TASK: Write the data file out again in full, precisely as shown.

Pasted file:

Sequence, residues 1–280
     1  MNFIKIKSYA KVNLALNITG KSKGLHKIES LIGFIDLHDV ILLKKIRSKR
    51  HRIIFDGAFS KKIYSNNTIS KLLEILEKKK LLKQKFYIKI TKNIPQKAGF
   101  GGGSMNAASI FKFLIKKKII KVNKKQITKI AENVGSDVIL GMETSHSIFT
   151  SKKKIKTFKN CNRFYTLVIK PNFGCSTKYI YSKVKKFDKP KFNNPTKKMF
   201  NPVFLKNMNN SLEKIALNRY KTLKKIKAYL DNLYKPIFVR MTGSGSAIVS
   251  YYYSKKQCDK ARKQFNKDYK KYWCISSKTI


Sequence, residues 1–280
     1  MNFIKIKSYA KVNLALNITG KSKGLHKIES LIGFIDLHDV ILLKKIRSKR
    51  HRIIFDGAFS KKIYSNNTIS KLLEILEKKK LLKQKFYIKI TKNIPQKAGF
   101  GGGSMNAASI FKFLIKKKII KVNKKQITKI AENVGSDVIL GMETSHSIFT
   151  SKKKIKTFKN CNRFYTLVIK PNFGCSTKYI YSKVKKFDKP KFNNPTKKMF
   201  NPVFLKNMNN SLEKIALNRY KTLKKIKAYL DNLYKPIFVR MTGSGSAIVS
   251  YYYSKKQCDK ARKQFNKDYK KYWCISSKTI